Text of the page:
Weather Service sends meteorologists to fires across Colorado on fifth red flag day

By: Alison Noon
June 22, 2013 Updated: June 22, 2013 at 10:05 am

The National Weather Service dispatched incident meteorologists to three Colorado wildfires Saturday, when a red flag warning went into effect for the entire western half of the state.

Conducting hourly spot forecasts, one meteorologist will assist firefighting efforts at each of the Lime Gulch, West Fork and Wild Rose fires through the weekend.

"They're seeing the local effects and work with the local team," Kyle Mozley, a meteorologist at the service's Pueblo office, said.

A total of eight incident specialists were assigned to wildfires across the country Saturday morning, a few days after meteorologists left the Black Forest fire north of Colorado Springs and Royal Gorge fire north of Canon City.

Saturday is the city's fifth consecutive day in the service's red flag wildfire warning. Relative humidity dipped to 8 percent Wednesday, 2 percent Thursday and 3 percent Friday. Colorado Springs is expected to reach temperatures in the low-90s midday Saturday, and the plains east and south of the city could reach 100.

"There's been no release from it," Mozley said, adding that fires are likely to be ignited in the extreme conditions. "Really dry fuel status out there, it doesn't take much."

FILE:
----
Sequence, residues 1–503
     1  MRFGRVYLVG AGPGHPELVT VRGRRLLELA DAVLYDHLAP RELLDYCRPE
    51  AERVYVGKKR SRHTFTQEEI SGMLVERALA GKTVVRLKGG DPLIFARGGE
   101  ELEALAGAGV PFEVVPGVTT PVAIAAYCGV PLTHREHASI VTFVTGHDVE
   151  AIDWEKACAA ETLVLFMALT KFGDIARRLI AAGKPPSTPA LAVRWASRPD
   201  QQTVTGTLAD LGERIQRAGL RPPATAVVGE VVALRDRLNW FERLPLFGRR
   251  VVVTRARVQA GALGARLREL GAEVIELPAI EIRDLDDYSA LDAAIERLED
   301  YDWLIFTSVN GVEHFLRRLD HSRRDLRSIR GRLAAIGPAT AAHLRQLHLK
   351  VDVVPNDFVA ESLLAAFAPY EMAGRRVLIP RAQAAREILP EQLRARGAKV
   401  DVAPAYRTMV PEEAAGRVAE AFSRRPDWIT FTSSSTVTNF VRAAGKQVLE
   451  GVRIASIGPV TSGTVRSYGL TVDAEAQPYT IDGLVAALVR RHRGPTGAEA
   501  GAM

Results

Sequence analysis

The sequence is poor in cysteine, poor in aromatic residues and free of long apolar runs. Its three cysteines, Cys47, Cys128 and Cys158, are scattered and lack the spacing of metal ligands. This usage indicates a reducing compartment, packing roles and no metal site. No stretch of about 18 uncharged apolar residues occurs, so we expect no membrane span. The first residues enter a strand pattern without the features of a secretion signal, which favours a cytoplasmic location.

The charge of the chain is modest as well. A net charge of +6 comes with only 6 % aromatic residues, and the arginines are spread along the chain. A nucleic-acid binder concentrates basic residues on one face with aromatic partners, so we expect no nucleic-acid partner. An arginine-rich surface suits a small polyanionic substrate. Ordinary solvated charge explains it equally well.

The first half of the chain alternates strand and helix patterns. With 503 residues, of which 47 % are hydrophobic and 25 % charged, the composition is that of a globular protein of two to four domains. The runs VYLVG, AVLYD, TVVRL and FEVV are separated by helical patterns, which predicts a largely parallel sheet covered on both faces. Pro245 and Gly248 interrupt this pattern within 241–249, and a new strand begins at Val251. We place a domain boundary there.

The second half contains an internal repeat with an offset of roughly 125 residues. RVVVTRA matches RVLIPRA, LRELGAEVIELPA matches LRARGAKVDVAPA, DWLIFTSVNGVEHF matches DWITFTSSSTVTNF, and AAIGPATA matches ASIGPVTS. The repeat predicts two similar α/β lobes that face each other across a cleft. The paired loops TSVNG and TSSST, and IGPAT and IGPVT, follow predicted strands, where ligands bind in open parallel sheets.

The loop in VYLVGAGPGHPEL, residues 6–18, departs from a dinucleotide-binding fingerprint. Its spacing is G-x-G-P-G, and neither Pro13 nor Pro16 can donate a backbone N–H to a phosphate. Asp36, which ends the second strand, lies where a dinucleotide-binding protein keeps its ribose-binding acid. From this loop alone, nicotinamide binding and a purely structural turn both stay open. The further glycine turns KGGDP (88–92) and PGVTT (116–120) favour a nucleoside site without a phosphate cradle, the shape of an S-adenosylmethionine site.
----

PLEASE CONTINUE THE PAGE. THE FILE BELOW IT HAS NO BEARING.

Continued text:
Smoke from wildfires in other parts of the state settled down in Colorado Springs Friday night, Mozley said, causing ash fall in some areas.

The service uses satellite imagery to track wildfire smoke, which showed the smoke had moved to Pueblo and Fremont counties Saturday morning.

"There's still some in the area but much less than last night," Mozley said at about 8:30 a.m.

Colorado State Patrol said the smoke was no longer a threat to visibility Saturday morning.

The smoke is expected to become heavy again in Colorado Springs as the West Fork fire flares up. Mozley said National Weather Service is tracking the smoke and weather conditions surrounding the fires.

"It's one of our big concerns," he said.

Great Sand Dunes National Park and Preserve issued fire restrictions on Saturday in response to extreme fire danger. Fires are not allowed in the park, including charcoal briquette fires. Petroleum-fueled stoves, lanterns and heating devices are permitted. Smoking is allowed only in enclosed vehicles, the Pinon Flats Campground, the picnic area, or paved or graveled parking lots.

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